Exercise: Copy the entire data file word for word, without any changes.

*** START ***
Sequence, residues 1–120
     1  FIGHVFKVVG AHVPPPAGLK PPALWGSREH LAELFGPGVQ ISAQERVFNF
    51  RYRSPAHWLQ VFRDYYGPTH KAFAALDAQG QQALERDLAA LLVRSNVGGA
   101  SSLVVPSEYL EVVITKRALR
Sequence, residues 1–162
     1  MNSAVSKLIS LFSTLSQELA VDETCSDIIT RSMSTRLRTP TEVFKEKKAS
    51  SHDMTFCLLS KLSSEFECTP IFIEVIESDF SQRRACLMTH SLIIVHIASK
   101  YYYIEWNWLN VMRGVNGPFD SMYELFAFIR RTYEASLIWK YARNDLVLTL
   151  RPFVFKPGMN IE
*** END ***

Sequence, residues 1–120
     1  FIGHVFKVVG AHVPPPAGLK PPALWGSREH LAELFGPGVQ ISAQERVFNF
    51  RYRSPAHWLQ VFRDYYGPTH KAFAALDAQG QQALERDLAA LLVRSNVGGA
   101  SSLVVPSEYL EVVITKRALR
Sequence, residues 1–162
     1  MNSAVSKLIS LFSTLSQELA VDETCSDIIT RSMSTRLRTP TEVFKEKKAS
    51  SHDMTFCLLS KLSSEFECTP IFIEVIESDF SQRRACLMTH SLIIVHIASK
   101  YYYIEWNWLN VMRGVNGPFD SMYELFAFIR RTYEASLIWK YARNDLVLTL
   151  RPFVFKPGMN IE